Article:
For analysis of discrete data with R, I highly recommend R (and S-PLUS) Manual to Accompany Agresti’s Categorical Data Analysis (2002), from Laura Thompson.

• Is there a common name for the test that prop.test() performs? Apr 26 '13 at 17:00
• "It is referred to as a z-test". Sep 9 '14 at 20:49
• @chl I'm a bit confused - I thought prop.test and chisq.test both use the chi-square, which would explain the identical p values, as well as why in this post on R-Bloggers they have their own ad hoc function. Aug 20 '15 at 1:45
• @Antoni Yes, this is what Keith explained in his reply.
– chl
Aug 20 '15 at 9:05
• whats $n_1$ and $n_2$, $f_1$, $f_2$, $p_1$, $p_2$? Sep 6 '16 at 19:28

A chi-square test for equality of two proportions is exactly the same thing as a $z$-test. The chi-squared distribution with one degree of freedom is just that of a normal deviate, squared. You're basically just repeating the chi-squared test on a subset of the contingency table. (This is why @chl gets the exact same $p$-value with both tests.)

The problem of doing the chi-squared test globally first and then diving down to do more tests on subsets is you won't necessarily preserve your alpha -- that is, you won't control false positives to be less than 5% (or whatever $\alpha$) across the whole experiment.

I think if you want to do this properly in the classical paradigm, you need to identify your hypotheses at the outset (which proportions to compare), collect the data, and then test the hypotheses such that the total threshold for significance of each test sums to $\alpha$. Unless you can prove a priori that there's some correlation.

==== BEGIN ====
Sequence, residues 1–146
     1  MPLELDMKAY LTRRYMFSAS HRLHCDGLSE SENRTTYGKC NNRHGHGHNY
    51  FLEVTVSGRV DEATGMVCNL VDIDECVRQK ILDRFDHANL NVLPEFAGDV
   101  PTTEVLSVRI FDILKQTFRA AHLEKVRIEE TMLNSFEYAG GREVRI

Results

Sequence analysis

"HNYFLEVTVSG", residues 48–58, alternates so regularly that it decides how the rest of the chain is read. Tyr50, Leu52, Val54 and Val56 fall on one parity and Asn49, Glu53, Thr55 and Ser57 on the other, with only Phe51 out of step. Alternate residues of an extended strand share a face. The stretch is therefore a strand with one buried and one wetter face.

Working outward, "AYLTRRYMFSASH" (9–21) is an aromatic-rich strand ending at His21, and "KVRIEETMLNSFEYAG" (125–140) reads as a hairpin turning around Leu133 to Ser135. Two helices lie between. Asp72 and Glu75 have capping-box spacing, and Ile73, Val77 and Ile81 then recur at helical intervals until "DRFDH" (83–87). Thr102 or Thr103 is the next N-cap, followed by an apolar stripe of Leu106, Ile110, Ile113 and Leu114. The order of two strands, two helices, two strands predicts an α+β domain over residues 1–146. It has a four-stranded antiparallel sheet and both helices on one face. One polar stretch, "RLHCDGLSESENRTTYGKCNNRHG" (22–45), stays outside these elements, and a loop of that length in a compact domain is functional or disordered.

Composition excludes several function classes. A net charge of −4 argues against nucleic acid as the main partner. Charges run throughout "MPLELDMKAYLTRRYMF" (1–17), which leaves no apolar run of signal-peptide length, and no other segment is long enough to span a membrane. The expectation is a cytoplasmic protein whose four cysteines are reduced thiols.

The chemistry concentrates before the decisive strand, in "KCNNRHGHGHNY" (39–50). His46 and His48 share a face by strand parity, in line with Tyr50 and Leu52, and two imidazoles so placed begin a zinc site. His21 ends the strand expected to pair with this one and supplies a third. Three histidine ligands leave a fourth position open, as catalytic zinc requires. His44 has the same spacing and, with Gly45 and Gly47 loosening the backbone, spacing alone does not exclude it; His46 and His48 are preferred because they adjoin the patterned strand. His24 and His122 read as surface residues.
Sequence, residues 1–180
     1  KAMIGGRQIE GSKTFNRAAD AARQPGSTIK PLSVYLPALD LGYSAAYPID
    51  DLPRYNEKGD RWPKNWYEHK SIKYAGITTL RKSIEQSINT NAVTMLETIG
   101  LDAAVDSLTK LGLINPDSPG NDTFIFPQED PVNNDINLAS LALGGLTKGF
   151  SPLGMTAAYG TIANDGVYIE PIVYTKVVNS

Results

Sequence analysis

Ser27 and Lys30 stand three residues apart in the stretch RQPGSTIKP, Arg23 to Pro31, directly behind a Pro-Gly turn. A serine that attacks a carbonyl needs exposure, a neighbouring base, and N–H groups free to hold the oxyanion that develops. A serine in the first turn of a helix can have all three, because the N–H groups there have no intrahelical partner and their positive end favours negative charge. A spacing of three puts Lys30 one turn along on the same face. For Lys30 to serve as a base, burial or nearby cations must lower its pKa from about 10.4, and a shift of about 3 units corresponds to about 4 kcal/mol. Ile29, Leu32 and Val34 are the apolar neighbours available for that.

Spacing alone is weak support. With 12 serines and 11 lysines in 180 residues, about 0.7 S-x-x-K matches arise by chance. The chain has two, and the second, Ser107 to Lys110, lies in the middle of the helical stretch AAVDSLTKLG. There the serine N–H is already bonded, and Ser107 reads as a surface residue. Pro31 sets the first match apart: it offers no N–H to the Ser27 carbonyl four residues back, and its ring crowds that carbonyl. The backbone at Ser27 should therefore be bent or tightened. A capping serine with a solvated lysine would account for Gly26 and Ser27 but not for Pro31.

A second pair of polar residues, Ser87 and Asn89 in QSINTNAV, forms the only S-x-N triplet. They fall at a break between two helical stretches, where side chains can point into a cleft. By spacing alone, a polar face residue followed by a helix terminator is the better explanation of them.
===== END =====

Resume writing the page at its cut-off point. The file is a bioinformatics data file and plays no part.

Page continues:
The most powerful test for equality of proportions is called Barnard's test for superiority.

• @gung I'm a bit confused - I thought prop.test and chisq.test both use the chi-square, which would explain the identical p values, as well as why in this post on R-Bloggers they have their own ad hoc function. Aug 20 '15 at 1:50
• I don't understand what's confusing you, @AntoniParellada. This answer states that they are "exactly the same", which makes sense if the "both use the chi-square". Aug 20 '15 at 1:58
• @gung in the original answer chl states that prop.test() ... is referred to as a z-test in contradistinction to chisq.test(). Later Keith says, "A chi-square test for equality of two proportions is exactly the same thing as a z-test. (This is why @chl gets the exact same p-value with both tests.)" Aug 20 '15 at 2:02
• That seems to be just an infelicitous phrasing, @AntoniParellada. Conceptually, the 2 tests are distinct, which is what I discussed in my other answer you saw. But mathematically, they are equivalent. In fact, I believe the R function prop.test() actually just calls chisq.test() & prints the output differently. Aug 20 '15 at 2:07
• @gung I had been working on a function similar to R-Bloggers and I was going to make a post for people at my beginner's level, quoting you in fact regarding a few key concepts that your have written, running through the math both for chi square and z-test, and then giving the R code. Aug 20 '15 at 2:11